Sara Bret. Courtesy of The Lithuanian Central State Archive.
Even today many people get very nervous about visiting the dentist. Back when Sara Bret began fixing the teeth of residents in the interwar period, there was no lack of those fearing a check-up and, God forbid, drilling procedures. A description of Sara's clinic hints at the possible unpleasantness:
"Materials needed for disinfection and medicines for stopping blood flow and reviving patients who have fainted are located in the operating room."
However strange this might seem, dentists in the period between the two world wars were not self-taught experts. They spent year after year studying dental health at universities in Lithuania and abroad.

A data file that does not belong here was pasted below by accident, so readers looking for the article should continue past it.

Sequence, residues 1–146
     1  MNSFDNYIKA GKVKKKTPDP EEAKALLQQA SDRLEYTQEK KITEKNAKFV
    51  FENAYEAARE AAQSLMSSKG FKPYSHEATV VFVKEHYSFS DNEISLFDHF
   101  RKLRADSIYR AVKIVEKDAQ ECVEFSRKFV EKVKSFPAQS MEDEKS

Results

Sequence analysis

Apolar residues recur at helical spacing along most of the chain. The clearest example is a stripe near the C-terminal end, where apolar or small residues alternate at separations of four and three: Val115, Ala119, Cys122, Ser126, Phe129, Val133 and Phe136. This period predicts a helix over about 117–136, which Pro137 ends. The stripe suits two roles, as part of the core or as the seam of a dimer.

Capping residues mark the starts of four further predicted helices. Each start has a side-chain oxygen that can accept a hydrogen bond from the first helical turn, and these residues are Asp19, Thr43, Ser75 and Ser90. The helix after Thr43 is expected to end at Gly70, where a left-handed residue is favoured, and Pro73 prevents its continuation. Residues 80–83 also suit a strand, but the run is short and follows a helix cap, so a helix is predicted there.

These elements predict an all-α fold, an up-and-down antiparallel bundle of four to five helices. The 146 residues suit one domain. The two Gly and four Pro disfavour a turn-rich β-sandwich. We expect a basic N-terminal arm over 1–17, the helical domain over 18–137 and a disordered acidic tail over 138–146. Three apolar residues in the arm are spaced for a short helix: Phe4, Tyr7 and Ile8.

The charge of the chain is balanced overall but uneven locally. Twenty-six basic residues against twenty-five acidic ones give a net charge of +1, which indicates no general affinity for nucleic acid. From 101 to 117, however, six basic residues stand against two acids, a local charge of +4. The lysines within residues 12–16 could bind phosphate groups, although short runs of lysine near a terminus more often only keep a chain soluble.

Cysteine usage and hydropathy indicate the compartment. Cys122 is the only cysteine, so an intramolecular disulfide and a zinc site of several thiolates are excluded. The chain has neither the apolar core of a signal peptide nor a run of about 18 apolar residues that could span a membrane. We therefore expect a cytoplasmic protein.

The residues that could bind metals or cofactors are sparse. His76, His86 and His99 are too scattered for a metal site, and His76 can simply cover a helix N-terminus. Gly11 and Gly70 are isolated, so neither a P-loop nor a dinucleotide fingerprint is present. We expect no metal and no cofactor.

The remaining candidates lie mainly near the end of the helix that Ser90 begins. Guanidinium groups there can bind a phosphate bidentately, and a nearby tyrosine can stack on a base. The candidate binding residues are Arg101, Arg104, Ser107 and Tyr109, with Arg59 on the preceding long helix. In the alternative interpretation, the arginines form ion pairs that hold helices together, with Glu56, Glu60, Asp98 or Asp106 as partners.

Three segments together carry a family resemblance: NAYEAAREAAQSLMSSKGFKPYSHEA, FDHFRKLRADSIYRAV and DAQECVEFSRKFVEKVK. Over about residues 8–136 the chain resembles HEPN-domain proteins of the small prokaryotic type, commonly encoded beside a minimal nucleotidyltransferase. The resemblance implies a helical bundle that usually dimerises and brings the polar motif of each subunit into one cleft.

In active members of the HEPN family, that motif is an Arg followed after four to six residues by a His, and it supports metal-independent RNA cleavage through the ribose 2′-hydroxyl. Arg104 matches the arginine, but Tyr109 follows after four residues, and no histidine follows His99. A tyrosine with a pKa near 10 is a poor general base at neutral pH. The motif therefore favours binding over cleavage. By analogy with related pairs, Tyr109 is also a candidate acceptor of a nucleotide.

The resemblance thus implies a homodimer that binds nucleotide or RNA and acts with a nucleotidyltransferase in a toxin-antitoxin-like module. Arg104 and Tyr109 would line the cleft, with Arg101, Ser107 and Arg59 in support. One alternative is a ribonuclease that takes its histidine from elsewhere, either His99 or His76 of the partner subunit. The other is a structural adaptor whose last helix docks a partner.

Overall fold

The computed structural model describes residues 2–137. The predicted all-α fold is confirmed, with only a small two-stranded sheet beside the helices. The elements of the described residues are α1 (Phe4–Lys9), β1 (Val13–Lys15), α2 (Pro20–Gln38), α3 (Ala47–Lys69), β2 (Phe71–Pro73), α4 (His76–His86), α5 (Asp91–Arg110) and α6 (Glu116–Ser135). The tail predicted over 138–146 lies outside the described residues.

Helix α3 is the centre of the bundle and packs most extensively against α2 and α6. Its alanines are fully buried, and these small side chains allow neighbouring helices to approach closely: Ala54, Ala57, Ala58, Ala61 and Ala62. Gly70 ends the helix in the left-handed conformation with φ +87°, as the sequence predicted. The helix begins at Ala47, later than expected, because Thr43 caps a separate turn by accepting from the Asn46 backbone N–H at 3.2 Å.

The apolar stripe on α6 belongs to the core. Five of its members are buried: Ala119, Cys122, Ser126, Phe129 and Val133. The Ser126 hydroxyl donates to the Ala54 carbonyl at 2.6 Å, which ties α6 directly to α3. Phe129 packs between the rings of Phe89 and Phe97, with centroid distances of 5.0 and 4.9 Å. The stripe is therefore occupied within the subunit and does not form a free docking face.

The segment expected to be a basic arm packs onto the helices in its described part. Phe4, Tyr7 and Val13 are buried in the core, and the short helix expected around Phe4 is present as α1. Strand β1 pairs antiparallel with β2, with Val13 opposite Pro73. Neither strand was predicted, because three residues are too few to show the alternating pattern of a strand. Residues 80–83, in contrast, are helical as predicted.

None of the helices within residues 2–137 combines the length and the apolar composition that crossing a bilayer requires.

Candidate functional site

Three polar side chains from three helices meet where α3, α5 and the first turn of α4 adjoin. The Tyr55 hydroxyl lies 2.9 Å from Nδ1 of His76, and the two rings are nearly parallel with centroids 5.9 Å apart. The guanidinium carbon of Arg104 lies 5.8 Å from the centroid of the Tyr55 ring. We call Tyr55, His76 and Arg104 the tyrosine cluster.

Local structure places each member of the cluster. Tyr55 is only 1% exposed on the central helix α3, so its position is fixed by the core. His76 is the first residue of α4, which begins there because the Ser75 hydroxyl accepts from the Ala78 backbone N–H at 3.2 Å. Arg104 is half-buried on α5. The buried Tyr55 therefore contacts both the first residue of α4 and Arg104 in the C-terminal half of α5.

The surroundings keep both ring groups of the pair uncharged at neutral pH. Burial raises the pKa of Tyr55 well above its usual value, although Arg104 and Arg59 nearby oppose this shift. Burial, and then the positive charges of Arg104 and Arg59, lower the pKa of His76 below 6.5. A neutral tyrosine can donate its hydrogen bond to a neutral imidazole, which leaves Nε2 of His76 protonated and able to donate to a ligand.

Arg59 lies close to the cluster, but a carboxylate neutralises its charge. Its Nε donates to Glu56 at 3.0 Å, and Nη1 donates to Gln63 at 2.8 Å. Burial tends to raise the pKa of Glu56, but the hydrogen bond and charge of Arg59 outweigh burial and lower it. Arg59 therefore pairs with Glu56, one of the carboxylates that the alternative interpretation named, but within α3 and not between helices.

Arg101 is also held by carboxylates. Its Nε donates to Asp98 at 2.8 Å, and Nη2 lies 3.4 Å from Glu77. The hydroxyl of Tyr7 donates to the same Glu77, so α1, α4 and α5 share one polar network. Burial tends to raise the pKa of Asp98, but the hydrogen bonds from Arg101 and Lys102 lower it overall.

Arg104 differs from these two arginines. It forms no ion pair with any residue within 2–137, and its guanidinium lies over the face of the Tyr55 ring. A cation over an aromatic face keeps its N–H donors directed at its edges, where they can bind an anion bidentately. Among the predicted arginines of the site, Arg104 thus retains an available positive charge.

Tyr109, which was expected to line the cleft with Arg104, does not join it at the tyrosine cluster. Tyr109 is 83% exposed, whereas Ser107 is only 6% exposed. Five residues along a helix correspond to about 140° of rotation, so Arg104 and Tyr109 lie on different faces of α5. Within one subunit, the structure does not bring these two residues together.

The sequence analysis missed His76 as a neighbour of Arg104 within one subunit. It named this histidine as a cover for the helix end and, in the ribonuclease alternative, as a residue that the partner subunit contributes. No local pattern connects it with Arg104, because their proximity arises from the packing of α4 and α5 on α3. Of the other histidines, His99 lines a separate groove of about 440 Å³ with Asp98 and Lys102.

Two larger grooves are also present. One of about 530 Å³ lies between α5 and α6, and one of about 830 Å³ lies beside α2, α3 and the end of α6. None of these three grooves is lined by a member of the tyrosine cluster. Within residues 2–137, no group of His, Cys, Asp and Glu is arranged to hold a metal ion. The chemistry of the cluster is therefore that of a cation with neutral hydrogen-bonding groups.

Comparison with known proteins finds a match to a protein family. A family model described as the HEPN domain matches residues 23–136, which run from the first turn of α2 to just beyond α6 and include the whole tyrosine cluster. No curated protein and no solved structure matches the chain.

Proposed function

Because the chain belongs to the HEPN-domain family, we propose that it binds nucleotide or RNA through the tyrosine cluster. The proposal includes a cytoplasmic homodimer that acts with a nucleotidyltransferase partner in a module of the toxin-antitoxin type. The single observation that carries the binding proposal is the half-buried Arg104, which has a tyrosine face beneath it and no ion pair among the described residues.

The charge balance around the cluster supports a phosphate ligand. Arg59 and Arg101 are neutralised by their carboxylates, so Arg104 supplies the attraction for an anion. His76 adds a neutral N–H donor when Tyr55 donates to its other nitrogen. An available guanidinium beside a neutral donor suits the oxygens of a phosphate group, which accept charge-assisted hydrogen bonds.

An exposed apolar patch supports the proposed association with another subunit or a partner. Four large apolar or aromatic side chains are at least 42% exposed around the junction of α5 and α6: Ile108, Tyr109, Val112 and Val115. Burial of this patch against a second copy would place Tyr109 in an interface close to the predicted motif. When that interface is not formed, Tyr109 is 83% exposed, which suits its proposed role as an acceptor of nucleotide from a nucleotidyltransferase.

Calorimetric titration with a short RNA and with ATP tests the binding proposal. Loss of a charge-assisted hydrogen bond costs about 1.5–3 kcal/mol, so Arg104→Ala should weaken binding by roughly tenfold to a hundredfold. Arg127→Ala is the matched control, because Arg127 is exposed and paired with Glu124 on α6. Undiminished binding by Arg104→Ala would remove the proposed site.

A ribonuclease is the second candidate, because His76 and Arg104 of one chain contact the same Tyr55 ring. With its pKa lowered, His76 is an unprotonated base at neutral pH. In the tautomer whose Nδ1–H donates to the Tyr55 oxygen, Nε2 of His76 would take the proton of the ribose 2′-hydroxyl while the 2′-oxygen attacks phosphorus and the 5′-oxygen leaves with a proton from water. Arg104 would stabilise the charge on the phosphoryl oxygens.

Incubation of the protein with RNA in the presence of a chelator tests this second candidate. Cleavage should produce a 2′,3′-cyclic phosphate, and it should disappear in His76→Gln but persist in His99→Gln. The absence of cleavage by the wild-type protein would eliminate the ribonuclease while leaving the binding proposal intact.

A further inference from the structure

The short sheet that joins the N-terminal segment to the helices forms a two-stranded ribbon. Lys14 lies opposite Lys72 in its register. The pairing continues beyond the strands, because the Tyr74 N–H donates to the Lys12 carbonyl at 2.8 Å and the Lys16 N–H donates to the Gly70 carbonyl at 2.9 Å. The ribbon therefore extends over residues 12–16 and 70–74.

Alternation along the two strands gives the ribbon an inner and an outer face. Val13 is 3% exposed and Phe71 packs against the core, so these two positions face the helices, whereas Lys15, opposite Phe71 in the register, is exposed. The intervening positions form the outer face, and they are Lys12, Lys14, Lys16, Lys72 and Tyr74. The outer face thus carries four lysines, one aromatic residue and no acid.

Sara Bret began odontology studies in 1925. She graduated with a dentistry degree from Vytautas Magnus University in Kaunas in 1932. At that time there were around 290 dentists in total operating in Lithuania. Sara opened a practice in Varniai. She spoke Yiddish, Lithuanian, German, French, and Russian and was able to treat people of different ethnic backgrounds. Thanks to her and others, shtetl residents didn't have to worry about embarking on expensive journeys to the city -- they were able to treat a toothache in their own area.